OPINION: The gender-based pay disparity is real, even in Hollywood

Fantasia Barrino, left, and Taraji P. Henson in "The Color Purple." Henson can boast an impressive list of accomplishments. But it isn't her acting prowess that made recent headlines. CREDIT: Ser Baffo/Warner Bros. Pictures

Credit: Handout

Credit: Handout

Fantasia Barrino, left, and Taraji P. Henson in "The Color Purple." Henson can boast an impressive list of accomplishments. But it isn't her acting prowess that made recent headlines. CREDIT: Ser Baffo/Warner Bros. Pictures

Taraji P. Henson is an award-winning actress and one of the stars in the recently released, Georgia-filmed musical The Color Purple. This re-imagining of the classic movie raked in $18 million when it premiered on Christmas Day, making it the biggest box office opening for that holiday in more than a decade.

Henson can boast an impressive list of accomplishments. A Golden Globe award. A Screen Actor’s Guild award. An Oscar nomination.

But it wasn’t Henson’s acting prowess that made recent headlines. It was her complaints that, still, after all these years, she has to fight to be seen and heard in Hollywood.

In a December interview with Sirius XM, Henson, who plays the role of Shug Avery in The Color Purple, tearfully expressed how she has worked relentlessly for more than 20 years, only to feel as if she is starting over with each new production.


While not revealing how much she was paid for her work in the musical, she has indicated that she maxes out at the same amount, regardless of how well a production is expected to do. Despite the success of the movies she’s been in, she said, “The math ain’t mathing.” On top of that, she said, she finds herself lobbying for the kind of accommodations — drivers, dressing rooms, meals at rehearsals — routinely afforded to others in Hollywood.

She’s not alone, she said. Other Black women in the business are having similar experiences. “I’m tired of hearing my sisters say the same thing over and over. You get tired,” she said in the interview.

It might be hard to empathize with Henson or any other successful actor. She has what we consider a glamorous and lucrative career in which only 2% of the population makes a living. A recent magazine story detailed her home remodel with its luxurious upgrades, including an infrared sauna and a Japanese soaking tub. To many, this illustrates that Henson is breathing rarified air. Stepping in high cotton. Some of those people may wonder why she’s complaining.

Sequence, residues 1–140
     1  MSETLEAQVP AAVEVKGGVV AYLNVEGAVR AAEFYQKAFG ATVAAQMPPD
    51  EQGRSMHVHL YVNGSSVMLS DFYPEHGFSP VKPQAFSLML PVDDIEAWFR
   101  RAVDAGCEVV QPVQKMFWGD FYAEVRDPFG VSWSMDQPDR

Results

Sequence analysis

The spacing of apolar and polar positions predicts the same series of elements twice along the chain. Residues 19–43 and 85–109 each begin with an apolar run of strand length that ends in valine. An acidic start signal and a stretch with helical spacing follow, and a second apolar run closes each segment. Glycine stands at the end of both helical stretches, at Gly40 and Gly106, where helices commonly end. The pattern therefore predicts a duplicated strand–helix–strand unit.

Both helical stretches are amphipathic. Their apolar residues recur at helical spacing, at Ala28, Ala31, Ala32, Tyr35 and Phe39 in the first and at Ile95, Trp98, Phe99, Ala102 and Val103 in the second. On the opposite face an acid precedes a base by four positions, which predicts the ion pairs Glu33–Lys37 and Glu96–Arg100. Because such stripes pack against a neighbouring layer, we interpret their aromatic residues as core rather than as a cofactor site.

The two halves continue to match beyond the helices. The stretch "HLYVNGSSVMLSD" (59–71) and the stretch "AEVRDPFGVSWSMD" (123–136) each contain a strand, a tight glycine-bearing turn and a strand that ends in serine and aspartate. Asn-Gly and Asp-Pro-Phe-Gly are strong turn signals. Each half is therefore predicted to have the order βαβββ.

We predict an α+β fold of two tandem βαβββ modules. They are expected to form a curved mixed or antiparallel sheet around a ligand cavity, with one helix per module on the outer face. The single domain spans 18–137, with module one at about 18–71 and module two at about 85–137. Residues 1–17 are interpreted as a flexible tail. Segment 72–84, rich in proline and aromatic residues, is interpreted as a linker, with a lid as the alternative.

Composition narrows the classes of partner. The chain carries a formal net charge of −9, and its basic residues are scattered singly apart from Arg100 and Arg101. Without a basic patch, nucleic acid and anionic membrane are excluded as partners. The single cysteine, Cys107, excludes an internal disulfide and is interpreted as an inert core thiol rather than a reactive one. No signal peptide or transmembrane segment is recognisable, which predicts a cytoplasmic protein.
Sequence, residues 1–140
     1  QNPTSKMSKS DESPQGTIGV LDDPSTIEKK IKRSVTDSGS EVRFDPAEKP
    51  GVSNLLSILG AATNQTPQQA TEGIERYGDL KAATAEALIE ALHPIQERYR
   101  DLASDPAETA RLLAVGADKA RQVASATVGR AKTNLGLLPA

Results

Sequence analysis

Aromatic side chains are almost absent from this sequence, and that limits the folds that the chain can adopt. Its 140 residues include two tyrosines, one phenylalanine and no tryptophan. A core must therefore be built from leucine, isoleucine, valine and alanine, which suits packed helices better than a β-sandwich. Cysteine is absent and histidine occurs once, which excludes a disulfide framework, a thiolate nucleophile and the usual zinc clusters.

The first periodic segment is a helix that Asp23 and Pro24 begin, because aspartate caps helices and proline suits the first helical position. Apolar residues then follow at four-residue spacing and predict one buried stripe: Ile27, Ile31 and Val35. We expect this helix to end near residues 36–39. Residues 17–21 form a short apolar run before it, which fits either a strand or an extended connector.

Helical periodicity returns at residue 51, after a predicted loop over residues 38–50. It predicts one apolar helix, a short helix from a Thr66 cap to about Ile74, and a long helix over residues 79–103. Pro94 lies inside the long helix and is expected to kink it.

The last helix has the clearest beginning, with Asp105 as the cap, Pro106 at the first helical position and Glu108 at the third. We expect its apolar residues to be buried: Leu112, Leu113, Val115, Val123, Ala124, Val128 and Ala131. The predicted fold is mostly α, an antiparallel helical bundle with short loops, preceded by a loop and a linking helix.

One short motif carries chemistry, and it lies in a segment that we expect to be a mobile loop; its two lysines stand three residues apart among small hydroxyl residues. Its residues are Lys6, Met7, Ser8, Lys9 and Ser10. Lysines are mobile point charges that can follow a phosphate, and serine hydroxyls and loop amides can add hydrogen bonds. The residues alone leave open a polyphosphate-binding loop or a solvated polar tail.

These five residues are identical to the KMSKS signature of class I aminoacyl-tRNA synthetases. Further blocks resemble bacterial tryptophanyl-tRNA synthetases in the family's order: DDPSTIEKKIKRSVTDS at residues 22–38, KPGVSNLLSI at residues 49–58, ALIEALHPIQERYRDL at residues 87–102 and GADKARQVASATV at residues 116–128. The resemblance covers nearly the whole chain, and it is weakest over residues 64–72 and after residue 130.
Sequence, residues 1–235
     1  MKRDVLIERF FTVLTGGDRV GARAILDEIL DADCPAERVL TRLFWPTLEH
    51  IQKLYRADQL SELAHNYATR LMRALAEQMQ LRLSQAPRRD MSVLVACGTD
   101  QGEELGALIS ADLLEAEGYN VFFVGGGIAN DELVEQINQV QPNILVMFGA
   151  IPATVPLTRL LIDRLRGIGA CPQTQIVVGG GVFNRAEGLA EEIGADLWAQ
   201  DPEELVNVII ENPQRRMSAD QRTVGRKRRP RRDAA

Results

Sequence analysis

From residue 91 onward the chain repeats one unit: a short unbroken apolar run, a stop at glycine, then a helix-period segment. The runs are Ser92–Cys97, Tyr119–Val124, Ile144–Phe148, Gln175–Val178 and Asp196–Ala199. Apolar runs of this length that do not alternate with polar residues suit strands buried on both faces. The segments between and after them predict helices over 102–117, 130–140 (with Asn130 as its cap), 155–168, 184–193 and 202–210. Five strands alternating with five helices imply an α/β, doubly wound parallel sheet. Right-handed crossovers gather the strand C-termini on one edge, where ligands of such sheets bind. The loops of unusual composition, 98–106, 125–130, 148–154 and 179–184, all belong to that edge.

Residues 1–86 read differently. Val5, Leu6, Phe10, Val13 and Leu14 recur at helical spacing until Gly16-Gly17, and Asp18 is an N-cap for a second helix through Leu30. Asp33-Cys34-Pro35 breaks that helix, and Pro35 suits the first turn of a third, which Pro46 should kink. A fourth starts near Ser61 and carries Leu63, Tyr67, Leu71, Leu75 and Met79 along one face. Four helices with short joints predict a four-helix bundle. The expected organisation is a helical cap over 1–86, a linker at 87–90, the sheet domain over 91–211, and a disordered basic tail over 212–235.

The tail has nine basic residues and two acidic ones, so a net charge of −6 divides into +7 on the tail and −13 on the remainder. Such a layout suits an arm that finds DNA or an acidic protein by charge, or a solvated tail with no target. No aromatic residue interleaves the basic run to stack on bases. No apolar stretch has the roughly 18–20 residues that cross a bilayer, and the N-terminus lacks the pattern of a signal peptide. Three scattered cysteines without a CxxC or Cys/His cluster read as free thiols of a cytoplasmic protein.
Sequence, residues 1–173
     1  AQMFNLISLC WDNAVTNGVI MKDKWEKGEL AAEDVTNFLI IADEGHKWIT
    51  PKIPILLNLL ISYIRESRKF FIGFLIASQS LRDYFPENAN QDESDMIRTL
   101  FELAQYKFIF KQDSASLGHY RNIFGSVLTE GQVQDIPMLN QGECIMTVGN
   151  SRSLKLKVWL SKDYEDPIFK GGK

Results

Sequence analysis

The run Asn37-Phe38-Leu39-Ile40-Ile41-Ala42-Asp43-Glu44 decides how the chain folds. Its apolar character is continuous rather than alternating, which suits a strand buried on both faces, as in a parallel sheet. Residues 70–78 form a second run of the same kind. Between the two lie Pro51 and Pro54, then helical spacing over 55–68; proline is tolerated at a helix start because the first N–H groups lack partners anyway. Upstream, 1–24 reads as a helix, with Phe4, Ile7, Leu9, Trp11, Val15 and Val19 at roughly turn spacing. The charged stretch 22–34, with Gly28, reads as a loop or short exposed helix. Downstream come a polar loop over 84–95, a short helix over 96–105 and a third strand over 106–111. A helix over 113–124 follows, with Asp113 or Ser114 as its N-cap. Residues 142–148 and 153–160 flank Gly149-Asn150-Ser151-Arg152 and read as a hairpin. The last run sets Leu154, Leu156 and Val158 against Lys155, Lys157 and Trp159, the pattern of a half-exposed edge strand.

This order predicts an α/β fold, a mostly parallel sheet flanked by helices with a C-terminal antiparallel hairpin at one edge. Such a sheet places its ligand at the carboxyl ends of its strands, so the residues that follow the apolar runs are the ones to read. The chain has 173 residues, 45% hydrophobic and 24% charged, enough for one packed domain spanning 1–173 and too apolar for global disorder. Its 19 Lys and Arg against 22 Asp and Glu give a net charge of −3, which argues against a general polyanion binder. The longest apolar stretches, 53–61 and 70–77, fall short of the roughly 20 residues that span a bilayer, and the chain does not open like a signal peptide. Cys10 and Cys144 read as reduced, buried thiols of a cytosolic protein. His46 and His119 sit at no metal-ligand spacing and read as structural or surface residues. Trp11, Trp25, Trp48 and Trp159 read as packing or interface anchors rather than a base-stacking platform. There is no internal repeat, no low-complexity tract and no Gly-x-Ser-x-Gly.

But here’s the thing: We all know there’s a gender wage gap. Women earn 82 cents for every dollar a man earns. For Black women, it drops to about 65 cents. For Hispanic women, it’s more like 60 cents.

These gaps have held steady for more than 20 years, despite strides in addressing some of the presumed underlying reasons for the gap, such as educational attainment, occupational choices and family structure.

But, even when looking at people with comparable backgrounds, education, industries and occupations, the wage gap still exists. This is when the conversation turns to discrimination.

Women are more likely than men (61% compared to 37%) to say a major reason for the wage gap is that employers treat women differently, according to data from the Pew Center.

It’s hard to find a solution to the problem if men — who are often the ones wielding power — don’t believe it exists.

And again, Henson’s lament was about more than her insufficient pay. She was talking about something bigger than money: the persistent devaluation of Black women.

“When Black women speak, no one listens. And I’m not making this up,” she said in an interview with The New York Times.

Some are quick to point out that Oprah Winfrey was one of the producers of The Color Purple. But both Winfrey and Henson confirmed that Winfrey did everything she could to right the wrongs Henson says she experienced.

“I’m not in charge of the budget because that’s Warners Bros, that’s the way the studio system works, and we as producers, everybody gets their salary that’s negotiated by your team,” Winfrey told the Los Angeles Times.

This is yet another example of why we need more women in positions of power, women who not only have the insight to understand what others of their gender are experiencing but also have the compassion and desire to advocate on their behalf.

For those of us outside of Hollywood, we can keep waiting for market forces to right decades of wrongs — or we can support policies that call for the kind of pay transparency laws that have helped reduce pay gaps in countries like Canada. We can also advocate for laws that hold corporations accountable when they fall short.

Researchers should more deeply explore the reasons for the unexplained pay gap by examining women’s workplace experiences through the lens of both gender and race. And the federal government could offer additional insight by creating a new Glass Ceiling Commission, a reboot of the original commission that spanned 1991 to 1995, and assessed how well we are doing at improving women’s earnings and advancements.

If we eliminate the wage gap for Black and brown women, then it no longer exists for anyone.

We could be dismissive when celebrities like Henson talk about how a very real structural problem impacts their lives. But really, what we should do is listen.

Read more on the Real Life blog (www.ajc.com/opinion/real-life-blog/) and find Nedra on Facebook (www.facebook.com/AJCRealLifeColumn) and Twitter (@nrhoneajc) or email her at nedra.rhone@ajc.com.

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